It thus befalls the individual to remain sensitive and respond to such angelic prophecies. The regeneration of the world is, however, possible in the realm of art or aesthetic ideas. This coincides with the process of creating a self and a style - the one being a manifestation of the other. Thus in his studies of painters of the Renaissance, Pater traces the stylistic elements of the new in the overcoming of the old. The artists upon whose development he focuses, are always captured at the moment of transition between the old and the new, at the point where dissatisfaction with the given connects with the latent intimations of the new. The perfection of an older style, for example, 'awoke' in Leonardo da Vinci, 'some seed of discontent which lay in the secret places of his nature. For the way to perfection is through a series of disgusts'(Pater, 1986, p. 66). The same 'discontent' with the world that Pater had identified as the unique attitude of the 'clear, crystal nature' in 'Diaphaneitè' similarly operates here as the necessary violence exercised by the creative mind. The violence that Pater's scheme implies is of a different kind than the one presupposed in Nietzsche's understanding of the effect of great minds upon the world. Whereas Pater posits a 'series of disgusts' resulting through ascesis in the creation of the new, Nietzsche envisages a far more powerful intervention. As he puts it in Twilight of the Idols,
Great men, like great epochs, are explosive material in whom tremendous energy has been accumulated; their prerequisite has always been, historically and physiologically, that a protracted assembling, accumulating, economizing and preserving has preceded them - that there has been no explosion for a long time.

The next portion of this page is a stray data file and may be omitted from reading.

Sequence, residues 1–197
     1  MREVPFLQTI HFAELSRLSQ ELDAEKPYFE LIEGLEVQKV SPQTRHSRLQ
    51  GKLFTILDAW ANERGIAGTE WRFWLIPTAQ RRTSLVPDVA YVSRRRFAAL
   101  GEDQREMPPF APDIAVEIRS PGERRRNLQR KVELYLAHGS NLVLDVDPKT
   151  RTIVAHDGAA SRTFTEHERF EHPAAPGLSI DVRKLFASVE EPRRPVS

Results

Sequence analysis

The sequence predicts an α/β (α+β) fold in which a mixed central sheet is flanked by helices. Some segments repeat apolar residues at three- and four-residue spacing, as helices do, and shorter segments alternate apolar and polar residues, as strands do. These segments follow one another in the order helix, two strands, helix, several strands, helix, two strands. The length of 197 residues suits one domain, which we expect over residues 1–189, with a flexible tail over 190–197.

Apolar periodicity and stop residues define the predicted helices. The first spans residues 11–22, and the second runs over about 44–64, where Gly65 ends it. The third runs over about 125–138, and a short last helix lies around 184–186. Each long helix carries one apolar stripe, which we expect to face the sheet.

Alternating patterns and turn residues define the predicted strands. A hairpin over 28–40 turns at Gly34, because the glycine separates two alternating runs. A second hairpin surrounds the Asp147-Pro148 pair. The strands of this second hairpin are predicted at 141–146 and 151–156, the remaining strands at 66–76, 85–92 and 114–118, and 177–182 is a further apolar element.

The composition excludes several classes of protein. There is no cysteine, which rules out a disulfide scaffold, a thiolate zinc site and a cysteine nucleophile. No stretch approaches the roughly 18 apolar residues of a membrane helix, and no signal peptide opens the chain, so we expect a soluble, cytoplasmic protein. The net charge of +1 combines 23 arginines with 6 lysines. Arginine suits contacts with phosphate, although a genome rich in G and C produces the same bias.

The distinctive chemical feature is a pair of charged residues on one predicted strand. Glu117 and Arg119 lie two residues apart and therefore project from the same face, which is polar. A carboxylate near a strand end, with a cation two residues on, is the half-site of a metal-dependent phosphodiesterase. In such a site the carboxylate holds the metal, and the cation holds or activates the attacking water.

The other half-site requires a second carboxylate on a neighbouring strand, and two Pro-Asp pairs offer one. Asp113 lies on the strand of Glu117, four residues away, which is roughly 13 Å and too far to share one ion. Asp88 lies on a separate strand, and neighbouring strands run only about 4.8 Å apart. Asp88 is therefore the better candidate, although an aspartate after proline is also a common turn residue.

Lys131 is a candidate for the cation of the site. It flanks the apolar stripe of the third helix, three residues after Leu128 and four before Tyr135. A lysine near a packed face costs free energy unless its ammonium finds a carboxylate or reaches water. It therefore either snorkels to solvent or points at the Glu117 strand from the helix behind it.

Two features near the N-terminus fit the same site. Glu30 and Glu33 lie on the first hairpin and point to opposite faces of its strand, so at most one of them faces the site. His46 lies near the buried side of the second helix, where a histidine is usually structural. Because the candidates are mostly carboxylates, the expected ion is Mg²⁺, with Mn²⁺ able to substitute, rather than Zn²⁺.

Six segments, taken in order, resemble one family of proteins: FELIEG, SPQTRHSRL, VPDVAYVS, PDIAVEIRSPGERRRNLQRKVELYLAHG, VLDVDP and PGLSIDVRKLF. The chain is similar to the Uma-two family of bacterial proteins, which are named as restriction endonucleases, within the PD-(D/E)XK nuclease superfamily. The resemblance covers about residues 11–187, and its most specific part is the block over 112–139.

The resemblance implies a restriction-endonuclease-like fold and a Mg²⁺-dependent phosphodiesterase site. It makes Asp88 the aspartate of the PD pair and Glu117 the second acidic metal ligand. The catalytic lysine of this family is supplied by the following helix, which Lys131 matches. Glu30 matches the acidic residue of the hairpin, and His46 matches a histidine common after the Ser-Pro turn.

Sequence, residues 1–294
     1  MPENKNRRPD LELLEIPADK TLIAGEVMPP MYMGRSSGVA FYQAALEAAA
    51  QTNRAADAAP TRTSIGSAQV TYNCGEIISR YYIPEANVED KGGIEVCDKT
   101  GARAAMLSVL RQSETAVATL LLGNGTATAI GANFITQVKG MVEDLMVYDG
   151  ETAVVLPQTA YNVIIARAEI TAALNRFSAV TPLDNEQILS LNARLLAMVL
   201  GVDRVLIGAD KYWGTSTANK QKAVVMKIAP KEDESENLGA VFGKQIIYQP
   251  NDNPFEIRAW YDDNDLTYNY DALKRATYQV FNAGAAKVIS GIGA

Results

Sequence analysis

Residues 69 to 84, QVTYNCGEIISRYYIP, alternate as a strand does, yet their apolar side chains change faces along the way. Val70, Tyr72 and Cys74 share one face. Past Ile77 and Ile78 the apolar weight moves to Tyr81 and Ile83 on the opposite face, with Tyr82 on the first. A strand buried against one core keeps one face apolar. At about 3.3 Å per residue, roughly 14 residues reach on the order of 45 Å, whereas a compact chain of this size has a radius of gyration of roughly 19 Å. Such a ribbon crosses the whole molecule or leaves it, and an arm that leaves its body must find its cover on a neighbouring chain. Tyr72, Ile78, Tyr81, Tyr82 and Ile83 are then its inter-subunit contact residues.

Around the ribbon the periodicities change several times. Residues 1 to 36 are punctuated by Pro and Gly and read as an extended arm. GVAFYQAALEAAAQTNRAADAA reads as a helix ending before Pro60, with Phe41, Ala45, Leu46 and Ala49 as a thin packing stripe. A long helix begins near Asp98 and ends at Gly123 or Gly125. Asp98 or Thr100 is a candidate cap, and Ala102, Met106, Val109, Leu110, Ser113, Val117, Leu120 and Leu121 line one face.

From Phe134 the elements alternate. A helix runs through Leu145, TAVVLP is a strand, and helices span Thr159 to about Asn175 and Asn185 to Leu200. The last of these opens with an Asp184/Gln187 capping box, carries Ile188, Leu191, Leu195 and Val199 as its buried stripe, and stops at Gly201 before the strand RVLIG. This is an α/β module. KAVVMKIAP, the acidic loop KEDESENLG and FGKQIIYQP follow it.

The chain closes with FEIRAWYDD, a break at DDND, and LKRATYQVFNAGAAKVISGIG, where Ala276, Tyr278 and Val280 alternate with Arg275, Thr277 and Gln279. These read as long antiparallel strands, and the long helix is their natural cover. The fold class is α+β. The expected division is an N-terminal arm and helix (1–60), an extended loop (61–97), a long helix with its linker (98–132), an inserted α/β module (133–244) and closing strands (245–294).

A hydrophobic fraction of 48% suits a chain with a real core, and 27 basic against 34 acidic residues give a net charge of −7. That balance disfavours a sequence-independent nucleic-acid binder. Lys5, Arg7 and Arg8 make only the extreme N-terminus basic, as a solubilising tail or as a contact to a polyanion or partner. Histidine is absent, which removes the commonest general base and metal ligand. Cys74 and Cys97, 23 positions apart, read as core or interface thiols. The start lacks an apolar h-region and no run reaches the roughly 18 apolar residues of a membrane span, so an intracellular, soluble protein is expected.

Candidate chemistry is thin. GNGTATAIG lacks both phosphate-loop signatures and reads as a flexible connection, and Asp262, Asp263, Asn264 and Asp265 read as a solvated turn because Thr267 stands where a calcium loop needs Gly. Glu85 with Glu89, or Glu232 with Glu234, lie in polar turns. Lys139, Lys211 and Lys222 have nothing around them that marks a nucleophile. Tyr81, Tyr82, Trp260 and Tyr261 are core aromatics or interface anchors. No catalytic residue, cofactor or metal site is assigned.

(Nietzsche, 1968a, p. 97)
Nietzsche's 'explosive beings' have nothing transitional or evanescent about them. Thus while Pater views the Renaissance as a period of protracted transition (and examines individual artists in the same temporal light), Nietzsche asserts that 'The great human being is a terminus; the great epoch, the Renaissance for example, is a terminus' (Nietzsche, 1968a, p. 98). This disparity between Pater's and Nietzsche's vision of 'great art' and 'great men' corresponds to an overall difference in approach in that, as Harold Bloom puts it, 'Against the ascetic ideal, Nietzsche set the "antithetical ideal"' (Bloom, 1975, p. 118).
For both, the violent act of aesthetic interruption is an act on which the very life of art depends. For Nietzsche, violence appears in the form of an explosion of energy and depends upon the strength of a psychologically overflowing nature; while, for Pater, it is a process of gradual refinement and forging of the essential and fitting. In the Paterian sense, there is nothing 'natural' about the development of art, either in terms of immanent growth or in its role as a manifestation of life. As Meisel notes, 'For Pater, _ life itself is to be identified completely with culture'. (Meisel, 1980, p. 149).
Pater's models or prototypes for artistic expression are thus often to be found in the exploration of past cultures. His writing on art also tends to invoke and invite the return of pagan and mythical gods with a calm and scholarly certainty which implies that, in his mind, they can still speak to the modern world about those processes of symbolisation which have enabled past worlds to understand and lend meaning to their existence. As Steven Connor argues, 'Like many Victorian mythographers, Pater views myth in broad terms as subjective in origin, expressive of the changing perceptions of a culture and gradually transformed as the world is re-structured or reinterpreted by a culture's changing consciousness' (Brake and Small eds., 1991, p. 172). This does not mean, however, that myth for Pater provides a unifying story of resolved tensions and contradictions; instead, Pater is aware of the remoteness of the mythical view of life and, therefore, of the inability to sustain direct links with the lost pagan world view as such. Rather, the very act of conjuring up stories which evoke rather than repeat or prescribe allows Pater to create modern myths which rely on exactly that position of 'belatedness' in which modernity finds itself. Thus, as Meisel points out, Pater's awareness of the secondary, derivative nature of all writing becomes paradoxically enabling since artifice, self-creation and refinement make up for the inevitable lack of originality: 'the belatedness of all writing is what accounts for Pater's fondness for what is pale, decadent, refined _ All writing in fact is likewise a "second flowering" or palimpsest, _ it is always "an afterthought"' (Meisel, 1980, p. 147).